Federal prosecutor Mia Giacomazzi faces significant barriers to finding labor trafficking victims, a crime she said is hidden but takes place in local industries including housekeeping, agriculture and restaurants.
Giacomazzi, an assistant U.S. attorney based in Fresno, said that in the last three to five years, at least 42 people in the Fresno region have identified themselves as labor-trafficking victims. But victims like these are often too afraid to press charges. Her office, for example, has investigated less than five cases in the last three to five years.
“Labor trafficking really is modern-day slavery,” she said.
Advocates for victims of human trafficking and domestic violence convened Thursday in Fresno to discuss those issues from cultural and legal perspectives.
The forum, hosted by the Fresno nonprofit Centro La Familia Advocacy Services, brought around 100 advocates to the Piccadilly Inn Airport hotel.
Margarita Rocha, executive director of the organization that primarily helps Latinos, said she hopes to work closer with law enforcement and organizations that serve other cultural groups. Rocha announced that Centro La Familia has embarked on a campaign this year to shed light on human trafficking and domestic violence. She said they’ll start by creating tools to help people identify and report the crimes and by demonstrating how they play out in various cultural settings.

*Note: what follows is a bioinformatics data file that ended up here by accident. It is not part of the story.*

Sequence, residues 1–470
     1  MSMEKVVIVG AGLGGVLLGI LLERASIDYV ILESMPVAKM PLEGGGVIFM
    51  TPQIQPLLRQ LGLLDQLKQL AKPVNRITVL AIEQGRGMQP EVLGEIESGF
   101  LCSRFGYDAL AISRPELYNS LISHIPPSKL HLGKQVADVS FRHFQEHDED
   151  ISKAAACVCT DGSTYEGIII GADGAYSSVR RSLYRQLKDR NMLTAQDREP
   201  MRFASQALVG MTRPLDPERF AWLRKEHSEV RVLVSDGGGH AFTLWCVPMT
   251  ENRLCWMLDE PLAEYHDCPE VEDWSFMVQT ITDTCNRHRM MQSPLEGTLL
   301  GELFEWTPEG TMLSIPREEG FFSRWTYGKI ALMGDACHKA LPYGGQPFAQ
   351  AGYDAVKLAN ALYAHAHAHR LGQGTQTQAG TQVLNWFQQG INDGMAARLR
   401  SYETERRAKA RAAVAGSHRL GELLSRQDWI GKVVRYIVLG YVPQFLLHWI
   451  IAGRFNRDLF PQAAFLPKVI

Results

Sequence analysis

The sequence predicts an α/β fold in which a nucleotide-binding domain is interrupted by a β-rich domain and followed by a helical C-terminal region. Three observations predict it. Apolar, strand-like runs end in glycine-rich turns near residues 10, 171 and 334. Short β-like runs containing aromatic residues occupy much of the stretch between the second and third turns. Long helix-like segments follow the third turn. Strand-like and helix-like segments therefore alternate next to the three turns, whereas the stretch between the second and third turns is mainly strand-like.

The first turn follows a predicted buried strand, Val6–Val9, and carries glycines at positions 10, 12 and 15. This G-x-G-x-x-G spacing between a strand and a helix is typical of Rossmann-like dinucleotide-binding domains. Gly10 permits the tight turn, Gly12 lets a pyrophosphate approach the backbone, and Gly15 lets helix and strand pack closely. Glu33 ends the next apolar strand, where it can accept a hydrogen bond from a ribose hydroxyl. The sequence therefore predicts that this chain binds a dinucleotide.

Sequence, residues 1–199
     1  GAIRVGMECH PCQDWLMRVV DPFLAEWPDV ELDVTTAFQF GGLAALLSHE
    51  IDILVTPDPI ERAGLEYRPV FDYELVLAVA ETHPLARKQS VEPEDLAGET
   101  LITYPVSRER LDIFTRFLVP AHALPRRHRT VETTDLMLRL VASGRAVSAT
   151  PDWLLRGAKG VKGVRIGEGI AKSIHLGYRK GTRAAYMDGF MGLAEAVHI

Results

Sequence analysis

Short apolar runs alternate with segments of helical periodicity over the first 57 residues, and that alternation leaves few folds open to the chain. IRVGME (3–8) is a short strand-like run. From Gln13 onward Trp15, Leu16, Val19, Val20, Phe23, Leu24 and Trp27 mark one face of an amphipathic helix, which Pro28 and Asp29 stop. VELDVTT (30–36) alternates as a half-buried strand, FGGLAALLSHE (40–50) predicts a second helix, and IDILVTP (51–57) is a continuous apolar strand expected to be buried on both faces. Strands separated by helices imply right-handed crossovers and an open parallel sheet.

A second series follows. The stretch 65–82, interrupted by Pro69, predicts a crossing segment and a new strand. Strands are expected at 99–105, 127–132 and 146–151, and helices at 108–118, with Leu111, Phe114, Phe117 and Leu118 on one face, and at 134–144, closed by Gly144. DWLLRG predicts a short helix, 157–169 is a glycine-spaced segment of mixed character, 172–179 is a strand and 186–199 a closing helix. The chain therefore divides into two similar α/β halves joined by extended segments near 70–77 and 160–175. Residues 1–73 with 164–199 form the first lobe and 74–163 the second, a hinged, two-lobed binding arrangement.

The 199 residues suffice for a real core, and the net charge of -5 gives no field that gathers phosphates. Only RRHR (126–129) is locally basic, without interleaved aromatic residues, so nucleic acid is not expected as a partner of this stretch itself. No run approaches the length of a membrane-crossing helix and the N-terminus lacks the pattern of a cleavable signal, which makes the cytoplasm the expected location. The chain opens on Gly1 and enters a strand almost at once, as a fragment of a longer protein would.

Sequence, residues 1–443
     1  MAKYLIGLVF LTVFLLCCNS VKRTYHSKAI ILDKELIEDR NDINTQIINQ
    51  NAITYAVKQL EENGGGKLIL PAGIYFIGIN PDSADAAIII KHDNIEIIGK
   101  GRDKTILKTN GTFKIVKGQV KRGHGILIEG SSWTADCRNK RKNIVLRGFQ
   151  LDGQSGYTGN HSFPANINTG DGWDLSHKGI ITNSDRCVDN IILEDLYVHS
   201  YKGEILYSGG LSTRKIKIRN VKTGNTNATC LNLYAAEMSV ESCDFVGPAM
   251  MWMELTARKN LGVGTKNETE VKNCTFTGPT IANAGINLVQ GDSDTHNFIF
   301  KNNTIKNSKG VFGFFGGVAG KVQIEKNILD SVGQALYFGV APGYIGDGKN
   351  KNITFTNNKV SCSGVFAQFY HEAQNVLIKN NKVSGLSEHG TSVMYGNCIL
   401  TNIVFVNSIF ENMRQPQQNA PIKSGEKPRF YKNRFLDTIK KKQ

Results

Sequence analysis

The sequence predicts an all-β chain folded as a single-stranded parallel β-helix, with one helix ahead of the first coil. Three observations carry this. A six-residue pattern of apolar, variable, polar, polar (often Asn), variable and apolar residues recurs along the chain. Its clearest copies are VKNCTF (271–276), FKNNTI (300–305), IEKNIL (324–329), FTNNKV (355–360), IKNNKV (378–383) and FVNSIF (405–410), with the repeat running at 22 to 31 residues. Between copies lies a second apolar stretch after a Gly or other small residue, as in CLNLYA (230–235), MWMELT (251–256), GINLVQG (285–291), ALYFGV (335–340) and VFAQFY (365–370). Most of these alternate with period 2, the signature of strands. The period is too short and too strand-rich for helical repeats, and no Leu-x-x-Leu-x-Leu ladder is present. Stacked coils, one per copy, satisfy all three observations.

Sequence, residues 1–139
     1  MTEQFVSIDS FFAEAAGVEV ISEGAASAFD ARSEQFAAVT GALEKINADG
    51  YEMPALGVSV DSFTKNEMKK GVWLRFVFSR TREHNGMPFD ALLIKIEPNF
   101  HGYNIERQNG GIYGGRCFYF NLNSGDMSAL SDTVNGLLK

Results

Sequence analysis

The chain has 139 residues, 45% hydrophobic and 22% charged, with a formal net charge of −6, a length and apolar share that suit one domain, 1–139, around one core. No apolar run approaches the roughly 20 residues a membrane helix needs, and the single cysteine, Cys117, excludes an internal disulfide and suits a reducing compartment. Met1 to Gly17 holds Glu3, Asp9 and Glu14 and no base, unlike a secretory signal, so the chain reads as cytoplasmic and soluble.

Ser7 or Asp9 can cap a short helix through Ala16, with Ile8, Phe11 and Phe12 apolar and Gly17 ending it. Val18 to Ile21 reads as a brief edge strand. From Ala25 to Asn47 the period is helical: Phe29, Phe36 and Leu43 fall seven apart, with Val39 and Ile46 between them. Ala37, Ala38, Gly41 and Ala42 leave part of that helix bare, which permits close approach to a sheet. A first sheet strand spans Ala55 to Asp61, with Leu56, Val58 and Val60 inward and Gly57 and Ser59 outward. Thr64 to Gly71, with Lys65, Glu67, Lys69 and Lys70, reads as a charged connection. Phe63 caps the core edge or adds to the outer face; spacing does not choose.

Human trafficking is the illegal movement of people, typically as forced labor or for sexual exploitation. Victims of human trafficking can also be victims of domestic violence. Each year, an estimated 14,500 to 17,500 people are trafficked into the United States.
Sadly, Giacomazzi said, it’s easier to find victims of sex trafficking than forced labor because they either work outside or their information is posted online.
Lara Clinton, a deputy district attorney in Fresno County, said her typical sex trafficking cases involve young girls, often runaways, and often in urban neighborhoods within city limits. She said they are usually gang-related because they generate easy money.
“You can sell drugs only once,” she said. “But a girl can be sold over and over.”
Clinton said she sees younger sex trafficking victims lately, the youngest age 12. She has also seen women in their 40s being pimped by 18-year-old men. She said she knows other types of sex trafficking go unreported, such as immigrant women living in rural areas around Fresno.